Now that they see our intensions are serious, our daughter and her partner seem to have come to accept the idea. I hope that my good behavior once we move will reassure them that this whole undertaking isn’t going to crimp their style. I plan to make as independent an existence for myself as possible. I know Jim, who is very self-contained and always busy with some project or other, will be perfectly happy and no threat to their lifestyle at all.

Among our current concerns is the move itself. The prospect of emptying a house full of 30 years’ accumulation of stuff is daunting. Our two-car garage is bursting with so much junk there’s no room for the vehicles. The garage, like an attic I would guess, has become the repository of everything outdated or unable to fit in the house. Our daughter’s old soccer cleats lie in a wire-rimmed stack of baskets. In addition, the baskets hold old tennis balls, dolls, a small bulletin board, kitchen utensils, an electric alarm clock, a baseball mitt, a broken pair of heels, lots of plastic containers, and many spider webs.

Sorting, a major developmental task they teach you in kindergarten, comes in handy here. Do the items belong in the trash? Should they go to Goodwill or Amvets? Do you want to ask friends? Should we sell them on consignment? An old long library table should fetch a good $75. Maybe sell things on line, EBay or Craig’s list?

Thankfully, we can still put these decisions off for a few weeks. We still need those fingerprints approved.

Randy currently lives in California and will be moving with her husband to the Sydney area of Australia within a few months. For most of her career she has been a medical writer working in public relations for hospitals and medical schools. She also has published numerous articles for Websites, newsletters, and journals.

Randy Barnhart
Randy currently lives in California and will be moving with her husband to the Sydney area of Australia within a few months. For most of her career she has been a medical writer working in public relations for hospitals and medical schools. She also has published numerous articles for Websites, newsletters, and journals.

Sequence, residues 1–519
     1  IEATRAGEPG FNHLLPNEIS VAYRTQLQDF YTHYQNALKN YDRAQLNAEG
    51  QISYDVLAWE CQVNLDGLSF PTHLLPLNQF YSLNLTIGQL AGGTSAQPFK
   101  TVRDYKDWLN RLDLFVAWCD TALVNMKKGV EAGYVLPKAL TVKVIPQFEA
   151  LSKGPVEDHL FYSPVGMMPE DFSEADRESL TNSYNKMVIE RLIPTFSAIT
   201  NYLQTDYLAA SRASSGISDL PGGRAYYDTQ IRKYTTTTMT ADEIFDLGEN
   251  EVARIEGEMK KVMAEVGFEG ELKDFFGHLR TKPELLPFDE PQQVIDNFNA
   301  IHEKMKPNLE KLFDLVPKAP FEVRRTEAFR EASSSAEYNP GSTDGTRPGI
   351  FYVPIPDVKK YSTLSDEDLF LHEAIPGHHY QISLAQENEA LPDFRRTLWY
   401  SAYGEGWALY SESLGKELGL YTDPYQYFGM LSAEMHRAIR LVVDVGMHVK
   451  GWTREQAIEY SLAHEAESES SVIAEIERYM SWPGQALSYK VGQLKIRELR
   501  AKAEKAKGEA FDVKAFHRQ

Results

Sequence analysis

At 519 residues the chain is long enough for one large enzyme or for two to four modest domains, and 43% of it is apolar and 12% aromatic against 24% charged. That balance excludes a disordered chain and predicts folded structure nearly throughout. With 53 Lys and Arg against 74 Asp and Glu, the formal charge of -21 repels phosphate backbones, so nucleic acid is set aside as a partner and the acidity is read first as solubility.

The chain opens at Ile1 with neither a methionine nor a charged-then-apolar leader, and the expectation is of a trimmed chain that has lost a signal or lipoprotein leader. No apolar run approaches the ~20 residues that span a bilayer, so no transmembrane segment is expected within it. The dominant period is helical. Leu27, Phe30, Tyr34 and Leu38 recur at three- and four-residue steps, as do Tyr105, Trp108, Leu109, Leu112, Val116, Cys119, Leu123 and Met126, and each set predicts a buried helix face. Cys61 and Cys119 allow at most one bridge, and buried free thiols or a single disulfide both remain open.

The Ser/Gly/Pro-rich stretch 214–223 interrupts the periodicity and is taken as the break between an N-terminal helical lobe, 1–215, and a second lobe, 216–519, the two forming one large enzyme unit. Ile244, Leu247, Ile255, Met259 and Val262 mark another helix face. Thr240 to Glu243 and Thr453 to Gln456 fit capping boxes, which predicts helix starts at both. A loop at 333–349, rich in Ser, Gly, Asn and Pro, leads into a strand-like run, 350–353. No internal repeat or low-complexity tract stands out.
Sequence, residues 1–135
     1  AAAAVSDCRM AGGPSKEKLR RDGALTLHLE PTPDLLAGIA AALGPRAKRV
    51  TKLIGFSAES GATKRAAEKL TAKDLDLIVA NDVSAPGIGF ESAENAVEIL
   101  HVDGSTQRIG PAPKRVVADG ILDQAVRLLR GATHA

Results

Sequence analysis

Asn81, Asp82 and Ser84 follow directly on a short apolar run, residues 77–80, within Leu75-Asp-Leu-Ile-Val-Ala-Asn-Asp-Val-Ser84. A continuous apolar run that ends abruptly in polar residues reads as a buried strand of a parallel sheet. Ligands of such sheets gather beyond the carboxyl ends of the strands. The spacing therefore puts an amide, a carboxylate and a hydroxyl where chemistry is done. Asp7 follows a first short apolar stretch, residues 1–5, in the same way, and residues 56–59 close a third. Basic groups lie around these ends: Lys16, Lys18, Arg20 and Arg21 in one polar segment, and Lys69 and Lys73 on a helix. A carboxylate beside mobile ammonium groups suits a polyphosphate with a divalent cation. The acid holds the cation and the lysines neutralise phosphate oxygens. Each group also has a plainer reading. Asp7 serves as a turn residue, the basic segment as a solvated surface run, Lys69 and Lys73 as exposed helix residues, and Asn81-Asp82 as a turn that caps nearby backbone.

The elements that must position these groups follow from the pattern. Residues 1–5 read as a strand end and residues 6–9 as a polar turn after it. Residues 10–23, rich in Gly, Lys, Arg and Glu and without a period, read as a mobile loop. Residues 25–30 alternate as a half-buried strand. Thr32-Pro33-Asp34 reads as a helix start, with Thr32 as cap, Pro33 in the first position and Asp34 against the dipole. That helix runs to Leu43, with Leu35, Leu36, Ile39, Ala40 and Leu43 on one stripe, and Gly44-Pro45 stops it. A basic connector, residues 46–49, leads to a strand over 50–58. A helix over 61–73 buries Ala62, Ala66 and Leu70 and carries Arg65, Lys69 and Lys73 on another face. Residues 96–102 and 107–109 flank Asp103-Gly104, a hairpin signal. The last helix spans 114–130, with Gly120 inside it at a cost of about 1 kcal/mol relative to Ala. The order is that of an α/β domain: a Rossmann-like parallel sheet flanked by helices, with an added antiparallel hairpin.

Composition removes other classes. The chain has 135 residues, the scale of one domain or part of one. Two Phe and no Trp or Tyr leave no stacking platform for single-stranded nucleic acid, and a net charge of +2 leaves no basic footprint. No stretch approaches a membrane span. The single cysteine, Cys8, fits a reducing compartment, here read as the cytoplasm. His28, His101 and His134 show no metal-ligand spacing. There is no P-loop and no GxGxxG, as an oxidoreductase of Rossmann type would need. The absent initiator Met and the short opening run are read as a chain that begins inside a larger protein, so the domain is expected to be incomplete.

Link  QR 

Expat Health Insurance Partners

Aetna International

Our award-winning expatriate business provides health benefits to more than 650,000 members worldwide. In addition, we have helped develop world-class health systems for governments, corporations and providers around the world. We want to be the global leader in delivering world-class health solutions, making quality health care more accessible and empowering people to live healthier lives.

AXA - Global Healthcare

As the global healthcare specialists for AXA, the world’s number one insurance brand, we can help you get fast access to expert medical care, whenever and wherever you need it. All our plans include evacuation and repatriation, a second medical opinion service and extra support from a dedicated case manager if you’re diagnosed with cancer. You’ll also have 24/7 support from our caring multilingual team - we’ll always remember you’re a person, not a case number.

Bupa Global

Bupa Global is one of the world’s largest international health insurers. We offer direct access to over 1.2m medical providers worldwide, and we settle directly with them so you don’t have to pay up front for your treatment. We provide access to leading specialists without the need to see your family doctor first and ensure that you have the same level of cover wherever you might be, home or away.

Cigna International

Cigna has worked in international health insurance for more than 30 years. Today, Cigna has over 71 million customer relationships around the world. Looking after them is an international workforce of 31,000 people, plus a network of over 1 million hospitals, physicians, clinics and health and wellness specialists worldwide, meaning you have easy access to treatment.